Indie Film Review “Lazarus Rising”

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First, the Recap:

Secrets. We all have them. We often promise to keep them when shared with us. Some are good, some are of ill begotten nature–and some can flat out kill you. Or, in this case, potentially GET you killed.  Enter the life of professional hitman Mike Fitzpatrick (Mike Pfaff), a “clean-up” man for local, mid-level mobster, Dallen (Sal Rendino).  Along with his partner, a more than slightly unhinged “cleaner” herself, Angelica (Megan Nguyen), Mike manages to eke out what might be called a life, carrying out hits on whomever Dallen advises him to. In the midst of this chaotic existence, Mike still has one semblance of “normalcy” in girlfriend Emma (Devon Ogden), while also bearing the genius, drug-addled burden of his brother, Sean (Sean Carmichael).

And so Mike’s barely functional life and “career” struggle forward until something drastic changes the entire scope of his focus–Emma’s name appears on Dallen’s hit list. Shaken by the revelation, Mike’s goals quickly shift to trying to determine why this has happened, much to Emma’s ongoing, tight-lipped reluctance, while also attempting to become her sole protector against a mob enforcer named Mr. Gray (Adoni Maropis), who’s been sent in to deal with the mess.  The dangerous game of cat and mouse ensues, with Sean and Emma in tow, as the three try to utilize any and all means to stay alive while digging for the truth, revealing Emma’s secret, and vying to stop the ultimate plan of a corrupt politician, James Connelly (Eric Roberts). And in it all, there is one more element to find in it all–hope.

Next, my Mind:

One thing that is always important with independent film is when watching them, look beyond the budget and any other immediate factors that you normally apply to Hollywood’s extravagant offerings, and look at what the filmmaker is ultimately aiming to achieve.  Often, you’ll find it is a better effort than you might see on the surface.  Such, overall, is the case with director John Depew’s actioner here. Delivering a gritty, raw, starkly-filmed, in-your-face romp, Depew immerses the viewer fully in a world of unsavory characters, criminality, high-order violence, lies, and betrayal. All in the name of character’s survival! Yet, there is the search for a better life found in its finale.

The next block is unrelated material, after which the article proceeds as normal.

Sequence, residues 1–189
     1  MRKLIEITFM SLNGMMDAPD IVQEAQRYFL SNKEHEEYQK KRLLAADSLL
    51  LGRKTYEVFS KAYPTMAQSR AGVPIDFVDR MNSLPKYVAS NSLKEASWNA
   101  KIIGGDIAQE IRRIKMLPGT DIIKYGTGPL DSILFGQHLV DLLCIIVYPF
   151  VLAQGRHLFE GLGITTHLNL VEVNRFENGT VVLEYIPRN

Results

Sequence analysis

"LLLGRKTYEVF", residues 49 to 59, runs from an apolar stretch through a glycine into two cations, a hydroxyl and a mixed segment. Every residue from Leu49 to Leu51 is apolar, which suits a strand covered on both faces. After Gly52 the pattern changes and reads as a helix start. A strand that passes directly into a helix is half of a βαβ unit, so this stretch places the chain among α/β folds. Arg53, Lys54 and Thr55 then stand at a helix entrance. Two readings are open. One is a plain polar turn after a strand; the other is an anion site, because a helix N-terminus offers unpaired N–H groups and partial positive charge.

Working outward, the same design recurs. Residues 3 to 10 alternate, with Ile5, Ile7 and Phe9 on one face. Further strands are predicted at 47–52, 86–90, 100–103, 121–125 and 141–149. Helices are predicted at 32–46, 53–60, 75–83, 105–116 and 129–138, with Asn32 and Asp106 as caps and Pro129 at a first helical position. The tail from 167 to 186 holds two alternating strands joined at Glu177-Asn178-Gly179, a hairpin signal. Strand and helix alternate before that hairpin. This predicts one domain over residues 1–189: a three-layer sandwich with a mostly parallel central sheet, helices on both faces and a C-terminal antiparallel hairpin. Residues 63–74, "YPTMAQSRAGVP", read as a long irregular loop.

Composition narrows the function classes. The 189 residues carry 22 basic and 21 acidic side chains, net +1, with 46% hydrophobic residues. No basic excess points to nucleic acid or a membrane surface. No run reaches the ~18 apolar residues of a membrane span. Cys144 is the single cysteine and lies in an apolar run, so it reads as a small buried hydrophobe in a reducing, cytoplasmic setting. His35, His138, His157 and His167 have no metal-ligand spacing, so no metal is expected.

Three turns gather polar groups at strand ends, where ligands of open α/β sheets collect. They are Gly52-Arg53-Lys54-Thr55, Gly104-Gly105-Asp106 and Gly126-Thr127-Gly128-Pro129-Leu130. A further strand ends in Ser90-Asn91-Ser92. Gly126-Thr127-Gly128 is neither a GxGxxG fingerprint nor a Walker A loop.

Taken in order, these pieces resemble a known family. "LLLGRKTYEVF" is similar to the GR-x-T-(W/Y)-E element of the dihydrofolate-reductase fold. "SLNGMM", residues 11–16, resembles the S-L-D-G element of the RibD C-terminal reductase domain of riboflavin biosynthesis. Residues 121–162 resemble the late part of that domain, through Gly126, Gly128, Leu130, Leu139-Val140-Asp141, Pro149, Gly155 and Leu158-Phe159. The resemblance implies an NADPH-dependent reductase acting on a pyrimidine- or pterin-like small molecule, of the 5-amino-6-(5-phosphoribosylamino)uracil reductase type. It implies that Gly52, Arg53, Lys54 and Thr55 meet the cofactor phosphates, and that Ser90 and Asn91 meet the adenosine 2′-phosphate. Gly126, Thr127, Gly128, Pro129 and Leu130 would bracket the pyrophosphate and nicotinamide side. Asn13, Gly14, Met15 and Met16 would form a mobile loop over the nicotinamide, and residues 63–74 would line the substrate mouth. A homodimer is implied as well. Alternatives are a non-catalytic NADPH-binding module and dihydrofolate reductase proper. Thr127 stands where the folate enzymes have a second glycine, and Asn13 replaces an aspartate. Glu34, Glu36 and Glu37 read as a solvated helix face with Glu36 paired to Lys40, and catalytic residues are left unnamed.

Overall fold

And what else is one to expect in a film about mobsters, hitmen, and contract assassins? Pfaff pounds through this effort as Mike, almost doling out as much punishment as he takes, with a cold resolve that rarely lightens up, but when it does, you can see there’s a heart and caring side to a killer. Ogden plays Emma in the same overall manner, with a boiling intensity that still shows she can stand up for herself, yet really only desires a much, much quieter and settled future. Maropis once again proves, as his stint in “24”, that he is more than capable of playing a truly devilish villain. Strong supporting turns by Nguyen, Rendino, Carmichael, and Roberts (man, can that guy play slimy well!), plus a brief appearance by C. Thomas Howell, round things out.

Viewers should be warned of the intense levels of violence and language present here, as films of this general theme will expectedly have. While the limits of this reviewer’s personal tolerance for overt amounts of certain content were pushed to the edge, “Lazarus Rising” will most certainly garner the kind of recognition an indie project warrants at Film Festivals and beyond.  It may not be for everyone, but one cannot deny, there is just something about frenetically-paced action that captures you.

As always, this is all for your consideration and comment.  Until next time, thank you for reading!





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